Scene: Interior. A dimly lit, lavishly furnished room outside New York. DON DYLAN sits at his desk with his capos MCGUINN, DONOVAN and ROBERTSON, as well as his son JAKOB. They wear suits dark as night. Don Dylan carries on his shoulder a Siamese cat, which he strokes absent-mindedly. Consigliere NEIL YOUNG moves to the chair nearest the desk.
YOUNG: I have the Beck notes here. He’s known as the Slacker. He’s a top sampling man. He buys the records from thrift shops in Sicily and hires American producers to process them into the voice of a generation.
DON DYLAN: [Waves his hand in the air casually] This sampling is a dirty business. And I believe it will destroy us in the years to come.
JAKOB: There’s a lot of money in that white funk.
DON DYLAN gives him a long, silent glare, then turns to the capos.
DON DYLAN: I have a sentimental weakness for my children, and I spoil them, as you can see. They sing when they should listen. I must say no to Signor Beck.
ROBERTSON: I found out about his bodyguards, the Dust Brothers. While he’s with them, he’s untouchable.
DON DYLAN: Then we will make the Slacker an offer he can’t refuse. So let us not talk falsely now; the hour is getting late. My son Jakob is the new head of the family. You have faith in my judgment? I have your loyalty?
McGUINN: Yes, Bobfather.
ROBERTSON: Always, Bobfather.
DON DYLAN: Then be a friend to Jakob, and do as he says. He has all my confidence. But I’m a superstitious man. And if some unlucky accident should befall him if his videos should disappear from MTV, or if he should somehow end up opening for Counting Crows – then I am going to blame some of the people in this room. And that I do not forgive. Now, listen to him.
JAKOB: The family is giving up all its interests in the grunge business. Neff Young is no longer consigliere. He’ll be our man in Northern California. That’s no reflection on Nell, but that’s the way I want it. Besides, if I need help, who’s a better consigliere than my father?
The capos kiss DON DYLAN’s ring. Young goes over to JAKOB.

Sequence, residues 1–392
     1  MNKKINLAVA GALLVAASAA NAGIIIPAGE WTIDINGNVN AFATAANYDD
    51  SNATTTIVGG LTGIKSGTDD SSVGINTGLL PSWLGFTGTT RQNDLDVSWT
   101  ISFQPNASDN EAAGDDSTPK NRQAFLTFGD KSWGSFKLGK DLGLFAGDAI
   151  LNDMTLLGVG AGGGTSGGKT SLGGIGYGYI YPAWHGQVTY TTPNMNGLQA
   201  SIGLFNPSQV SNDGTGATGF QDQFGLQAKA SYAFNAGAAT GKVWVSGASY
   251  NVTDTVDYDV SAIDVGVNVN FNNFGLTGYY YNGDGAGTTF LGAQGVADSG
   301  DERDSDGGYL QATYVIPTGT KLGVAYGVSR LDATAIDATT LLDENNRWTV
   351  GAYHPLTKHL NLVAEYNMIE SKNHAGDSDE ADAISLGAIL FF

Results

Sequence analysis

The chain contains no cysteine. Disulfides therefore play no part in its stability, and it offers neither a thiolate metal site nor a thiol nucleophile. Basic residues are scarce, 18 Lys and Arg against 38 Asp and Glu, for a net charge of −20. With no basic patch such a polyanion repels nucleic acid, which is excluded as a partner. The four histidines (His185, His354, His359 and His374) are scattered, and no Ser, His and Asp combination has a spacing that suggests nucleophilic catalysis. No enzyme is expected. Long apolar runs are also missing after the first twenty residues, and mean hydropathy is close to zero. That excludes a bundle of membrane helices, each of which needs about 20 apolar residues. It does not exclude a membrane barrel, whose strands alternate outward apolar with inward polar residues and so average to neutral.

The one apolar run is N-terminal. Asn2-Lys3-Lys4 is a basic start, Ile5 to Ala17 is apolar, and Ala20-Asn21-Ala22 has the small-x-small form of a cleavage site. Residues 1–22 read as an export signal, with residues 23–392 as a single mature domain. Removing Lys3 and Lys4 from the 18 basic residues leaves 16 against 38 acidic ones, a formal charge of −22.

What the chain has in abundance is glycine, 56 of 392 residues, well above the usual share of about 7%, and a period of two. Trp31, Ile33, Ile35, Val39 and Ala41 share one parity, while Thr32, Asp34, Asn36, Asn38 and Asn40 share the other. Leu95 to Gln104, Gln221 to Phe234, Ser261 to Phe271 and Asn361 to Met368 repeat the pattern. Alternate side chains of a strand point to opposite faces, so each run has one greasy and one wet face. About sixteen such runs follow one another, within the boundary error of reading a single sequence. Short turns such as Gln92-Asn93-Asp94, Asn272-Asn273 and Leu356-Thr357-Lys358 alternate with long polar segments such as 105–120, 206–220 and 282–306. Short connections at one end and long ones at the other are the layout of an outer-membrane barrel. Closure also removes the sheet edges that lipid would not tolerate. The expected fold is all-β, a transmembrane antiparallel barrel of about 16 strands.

YOUNG: Jake, why am I out? I’m the one who kept things going when you didn’t want to get mixed up in the family business. I got the family into grunge – I even got that Cobain punk to sing a Leadbelly song!
JAKOB: You’re not a wartime consigliere, and things may get rough with the moves we’re trying. You’re out, Neff.
Exeunt. JAKOB and the DON remain in the room alone. Jakob moves to the armchair near the desk. The DON opens a bottle of Brunello di Montalcino and pours himself a glass. He strokes the cat and fiddles with his harmonica holder.
DON DYLAN: Are you here, Jakob?
JAKOB: I’m here, Pop. I’m with you now.
DON DYLAN: How are your wife and children, Jakob?
JAKOB: They’re good, Pop.
DON DYLAN: And your roadies? Are you spending time with them? Because a man who does not spend time with his roadies can never be a real man.
JAKOB: The roadies are fine, Pop.
DON DYLAN: Remember, the man who comes to you to make the Beck deal is a traitor.
JAKOB: I know, Pop. You told me.
DON DYLAN: Keep your friends close and your enemies closer. Don’t follow leaders. Watch your parking meters.
JAKOB: I already know, Pop. What’s the matter? What’s bothering you? I told you I can handle it; I can handle it.
DON DYLAN: [Shrugging sadly] I never . . . I never wanted this for you, Jakob. I worked my whole life – I don’t apologize – to take care of my family. And I refused to be a fool, dancing on a string held by all those big shots. I don’t apologize, that’s my life, but I thought that when it was your time, you would be the one to hold the strings. Senator Zimmerman, Governor Zimmerman – something. There just wasn’t enough time, Jakob, wasn’t enough time.
JAKOB: We’ll get there, Pop, we’ll get there. With one headlight.
Fade to black.
This story is from the December 25th, 1997/January 8th, 1998 double issue of Rolling Stone.